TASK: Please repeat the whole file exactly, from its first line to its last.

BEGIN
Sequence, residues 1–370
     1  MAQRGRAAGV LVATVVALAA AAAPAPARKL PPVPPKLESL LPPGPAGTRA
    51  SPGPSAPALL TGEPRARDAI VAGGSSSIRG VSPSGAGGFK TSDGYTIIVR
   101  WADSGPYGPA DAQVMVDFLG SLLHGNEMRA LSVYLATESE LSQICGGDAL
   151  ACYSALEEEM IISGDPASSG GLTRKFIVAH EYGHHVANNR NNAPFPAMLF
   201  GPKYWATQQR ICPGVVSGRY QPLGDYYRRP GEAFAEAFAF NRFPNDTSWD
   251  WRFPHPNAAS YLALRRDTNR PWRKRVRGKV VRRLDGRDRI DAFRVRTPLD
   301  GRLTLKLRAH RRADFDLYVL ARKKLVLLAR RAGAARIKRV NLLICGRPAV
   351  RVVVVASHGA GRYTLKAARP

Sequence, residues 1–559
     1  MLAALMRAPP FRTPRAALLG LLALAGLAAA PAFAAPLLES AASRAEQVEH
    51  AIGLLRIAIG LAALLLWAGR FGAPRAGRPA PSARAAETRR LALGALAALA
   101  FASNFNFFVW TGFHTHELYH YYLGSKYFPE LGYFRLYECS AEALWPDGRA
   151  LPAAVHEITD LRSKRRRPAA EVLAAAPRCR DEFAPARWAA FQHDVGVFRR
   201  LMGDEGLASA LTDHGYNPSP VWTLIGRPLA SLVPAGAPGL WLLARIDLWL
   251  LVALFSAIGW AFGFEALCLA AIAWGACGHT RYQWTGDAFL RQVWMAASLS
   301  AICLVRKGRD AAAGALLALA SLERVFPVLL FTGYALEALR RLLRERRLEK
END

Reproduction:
Sequence, residues 1–370
     1  MAQRGRAAGV LVATVVALAA AAAPAPARKL PPVPPKLESL LPPGPAGTRA
    51  SPGPSAPALL TGEPRARDAI VAGGSSSIRG VSPSGAGGFK TSDGYTIIVR
   101  WADSGPYGPA DAQVMVDFLG SLLHGNEMRA LSVYLATESE LSQICGGDAL
   151  ACYSALEEEM IISGDPASSG GLTRKFIVAH EYGHHVANNR NNAPFPAMLF
   201  GPKYWATQQR ICPGVVSGRY QPLGDYYRRP GEAFAEAFAF NRFPNDTSWD
   251  WRFPHPNAAS YLALRRDTNR PWRKRVRGKV VRRLDGRDRI DAFRVRTPLD
   301  GRLTLKLRAH RRADFDLYVL ARKKLVLLAR RAGAARIKRV NLLICGRPAV
   351  RVVVVASHGA GRYTLKAARP

Sequence, residues 1–559
     1  MLAALMRAPP FRTPRAALLG LLALAGLAAA PAFAAPLLES AASRAEQVEH
    51  AIGLLRIAIG LAALLLWAGR FGAPRAGRPA PSARAAETRR LALGALAALA
   101  FASNFNFFVW TGFHTHELYH YYLGSKYFPE LGYFRLYECS AEALWPDGRA
   151  LPAAVHEITD LRSKRRRPAA EVLAAAPRCR DEFAPARWAA FQHDVGVFRR
   201  LMGDEGLASA LTDHGYNPSP VWTLIGRPLA SLVPAGAPGL WLLARIDLWL
   251  LVALFSAIGW AFGFEALCLA AIAWGACGHT RYQWTGDAFL RQVWMAASLS
   301  AICLVRKGRD AAAGALLALA SLERVFPVLL FTGYALEALR RLLRERRLEK